Poetry in the Hebrew style (which includes that found in Luke) is rather different then English poetry. To understand why, we must first state that in English there is a stronger distinction between poetry and prose. The nature of Hebrew is to be much more rhythmic. Hebrew naturally approximates iambic rhythm (like “Peter Piper picked a peck of pickled peppers”) so all speech had a natural rhythm to it. Rhyming on the other hand is almost unknown. Instead, the main feature of Hebrew poetry is called parallelism. A verse is divided into two parts with the second part restating or in some way augmenting the first. Most decent translations and ancient manuscripts will echo the structure by putting each part of the verse on its own line with the secondary lines indented slightly. There is also a common tradition of alliteration (using the some beginning sound or letter) both within the verse and also more commonly at the beginning of each verse. When this is done with successive letters of the alphabet, it is know as an acrostic. There are a number of acrostic psalms, but the prime example is psalm 119 where there are seven verses for each Hebrew letter. When we read this Psalm during the Tenebre service in Holy Week, the Hebrew letter beginning each verse is included as part of the spoke text.
What happens when we want to sing or read this poetry in English with its tradition of special rhythms and terminal rhyming? There are translations of the bible that place more emphasis on creating poetic English. When this is done with the Psalms the result is a psalter. The prayer book contains its own psalter which we use during worship. Due to an explosion during the 18th and 19th century of churches who only sang biblical texts, numerous translations of the psalms now exist which can be sung to tradition hymn tunes. Texts from these metrical psalters are found in our hymnal. In all there are more then 30 psalms set to music. For example Hymn 517 which is a metrical translation (paraphrase) of psalm 84:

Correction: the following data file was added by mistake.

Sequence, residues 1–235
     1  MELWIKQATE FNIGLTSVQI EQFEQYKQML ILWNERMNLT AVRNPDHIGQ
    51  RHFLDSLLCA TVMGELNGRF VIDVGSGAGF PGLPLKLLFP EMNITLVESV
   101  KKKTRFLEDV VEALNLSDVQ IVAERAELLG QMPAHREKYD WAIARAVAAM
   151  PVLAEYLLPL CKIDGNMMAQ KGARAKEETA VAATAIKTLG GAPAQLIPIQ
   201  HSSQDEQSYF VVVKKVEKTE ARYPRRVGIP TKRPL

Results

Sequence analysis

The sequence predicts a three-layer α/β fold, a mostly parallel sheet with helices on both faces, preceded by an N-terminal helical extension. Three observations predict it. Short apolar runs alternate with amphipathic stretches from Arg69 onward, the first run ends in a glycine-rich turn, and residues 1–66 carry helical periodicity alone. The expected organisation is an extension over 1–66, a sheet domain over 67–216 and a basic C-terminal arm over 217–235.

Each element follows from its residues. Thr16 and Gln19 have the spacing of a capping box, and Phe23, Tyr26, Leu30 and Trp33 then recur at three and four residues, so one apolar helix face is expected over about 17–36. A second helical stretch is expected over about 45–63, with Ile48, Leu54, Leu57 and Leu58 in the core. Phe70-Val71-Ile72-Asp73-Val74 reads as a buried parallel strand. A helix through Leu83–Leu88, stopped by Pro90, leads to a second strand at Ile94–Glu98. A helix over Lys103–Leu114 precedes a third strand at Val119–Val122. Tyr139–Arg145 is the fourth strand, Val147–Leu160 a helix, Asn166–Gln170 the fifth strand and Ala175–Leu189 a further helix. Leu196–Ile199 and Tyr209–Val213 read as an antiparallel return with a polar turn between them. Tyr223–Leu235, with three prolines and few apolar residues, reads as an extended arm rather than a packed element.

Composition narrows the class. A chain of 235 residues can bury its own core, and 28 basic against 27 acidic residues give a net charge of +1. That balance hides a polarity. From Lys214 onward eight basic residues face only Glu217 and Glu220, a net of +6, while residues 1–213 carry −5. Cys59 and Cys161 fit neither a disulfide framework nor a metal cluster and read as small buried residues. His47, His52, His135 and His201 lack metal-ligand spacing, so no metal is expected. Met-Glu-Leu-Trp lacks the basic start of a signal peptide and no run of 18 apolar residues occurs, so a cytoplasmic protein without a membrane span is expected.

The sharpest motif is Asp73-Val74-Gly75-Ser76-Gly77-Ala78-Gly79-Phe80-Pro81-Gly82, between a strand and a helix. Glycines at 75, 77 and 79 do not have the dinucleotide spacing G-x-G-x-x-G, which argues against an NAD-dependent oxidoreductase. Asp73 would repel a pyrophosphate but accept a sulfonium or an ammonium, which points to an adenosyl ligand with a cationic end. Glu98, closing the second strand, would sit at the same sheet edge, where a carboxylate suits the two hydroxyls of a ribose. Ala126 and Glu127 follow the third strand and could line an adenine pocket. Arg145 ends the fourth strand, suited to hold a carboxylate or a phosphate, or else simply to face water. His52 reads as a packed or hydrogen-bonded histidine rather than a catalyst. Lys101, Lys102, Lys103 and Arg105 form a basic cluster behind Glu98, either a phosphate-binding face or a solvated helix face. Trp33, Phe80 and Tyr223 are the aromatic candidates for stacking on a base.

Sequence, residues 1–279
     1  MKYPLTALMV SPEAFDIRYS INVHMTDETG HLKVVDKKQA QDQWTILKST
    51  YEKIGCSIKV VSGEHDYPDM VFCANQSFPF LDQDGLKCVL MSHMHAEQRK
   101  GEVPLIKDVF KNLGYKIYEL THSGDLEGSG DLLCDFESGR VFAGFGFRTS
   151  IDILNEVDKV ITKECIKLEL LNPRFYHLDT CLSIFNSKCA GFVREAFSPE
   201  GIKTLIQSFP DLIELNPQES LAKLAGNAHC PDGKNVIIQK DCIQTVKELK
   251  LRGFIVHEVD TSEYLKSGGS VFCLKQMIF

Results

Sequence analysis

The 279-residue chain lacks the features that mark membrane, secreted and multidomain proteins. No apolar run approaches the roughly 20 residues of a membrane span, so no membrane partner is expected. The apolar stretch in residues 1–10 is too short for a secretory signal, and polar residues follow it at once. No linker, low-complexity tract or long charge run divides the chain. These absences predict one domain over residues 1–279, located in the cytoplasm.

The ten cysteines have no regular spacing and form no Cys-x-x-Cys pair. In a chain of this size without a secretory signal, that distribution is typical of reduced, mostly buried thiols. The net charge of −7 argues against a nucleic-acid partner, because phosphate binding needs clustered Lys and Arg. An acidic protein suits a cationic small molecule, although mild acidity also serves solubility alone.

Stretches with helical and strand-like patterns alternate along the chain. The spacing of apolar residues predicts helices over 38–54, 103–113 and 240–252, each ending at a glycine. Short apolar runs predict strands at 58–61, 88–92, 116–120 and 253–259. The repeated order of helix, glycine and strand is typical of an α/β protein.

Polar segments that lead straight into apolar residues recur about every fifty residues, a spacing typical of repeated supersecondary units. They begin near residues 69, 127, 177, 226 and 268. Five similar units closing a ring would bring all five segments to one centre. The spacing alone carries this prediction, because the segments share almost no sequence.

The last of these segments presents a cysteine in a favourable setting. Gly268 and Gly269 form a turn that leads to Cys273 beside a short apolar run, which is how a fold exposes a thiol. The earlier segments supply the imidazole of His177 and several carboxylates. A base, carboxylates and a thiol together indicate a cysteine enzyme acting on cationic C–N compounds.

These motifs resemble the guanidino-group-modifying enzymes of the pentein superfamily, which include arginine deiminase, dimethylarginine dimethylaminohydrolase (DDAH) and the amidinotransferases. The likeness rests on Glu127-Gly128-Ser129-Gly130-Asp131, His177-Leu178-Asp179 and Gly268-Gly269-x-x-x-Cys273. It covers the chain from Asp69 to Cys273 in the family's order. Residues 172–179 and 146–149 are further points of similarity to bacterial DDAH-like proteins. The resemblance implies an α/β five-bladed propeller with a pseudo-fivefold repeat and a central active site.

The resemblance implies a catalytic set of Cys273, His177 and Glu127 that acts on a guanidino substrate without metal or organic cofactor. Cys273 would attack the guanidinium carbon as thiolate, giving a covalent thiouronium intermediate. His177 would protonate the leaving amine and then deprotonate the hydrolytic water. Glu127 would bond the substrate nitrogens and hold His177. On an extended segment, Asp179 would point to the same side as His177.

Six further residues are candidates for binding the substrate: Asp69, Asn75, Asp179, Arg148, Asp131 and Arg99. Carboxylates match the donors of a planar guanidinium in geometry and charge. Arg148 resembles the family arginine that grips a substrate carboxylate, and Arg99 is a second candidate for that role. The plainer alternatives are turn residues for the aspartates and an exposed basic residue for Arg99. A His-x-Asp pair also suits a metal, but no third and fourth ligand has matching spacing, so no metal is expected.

How lovely is thy dwelling place
O Lord of hosts to thee.
My thirsty soul desires and longs
within thy courts to be.
My very heart and flesh cry our,
O living God, for thee.
From The Psalms of David in Meter, 1650
We use other poetry in our service as well. Translated poetry that is not a psalm is called a Canticle. The prayer book has 14 of these. The contemporary translations can be found beginning on page 85; with seven in traditional English beginning on page 47. You may note that a few are not actually biblical texts but instead poetry from the earliest centuries of the Christian tradition that have been part of the worship of the church almost since its beginning. With the use of the Revised Common Lectionary, canticles are being used in place of psalms on some Sundays.
The question remains are these “good” translations. Some will question whether they are translations at all and insist that they are instead a type of paraphrase. It is clear if you read the text above next to a more academic translation of Psalm 84:1-2 that some liberties have been taken to make the meter are rhyme fit. Yet, the experience of singing this stanza is far closer to the experience the psalmist intended. In these translations we find a reminder that the bible is as much a collection of the faith-filled experiences as it is commandments and theological expositions. I contend that to the extent these “loose” translations warm our hearts, thrill our souls or even express our anguish in ways simple prose cannot, they are in fact far truer to the original meaning.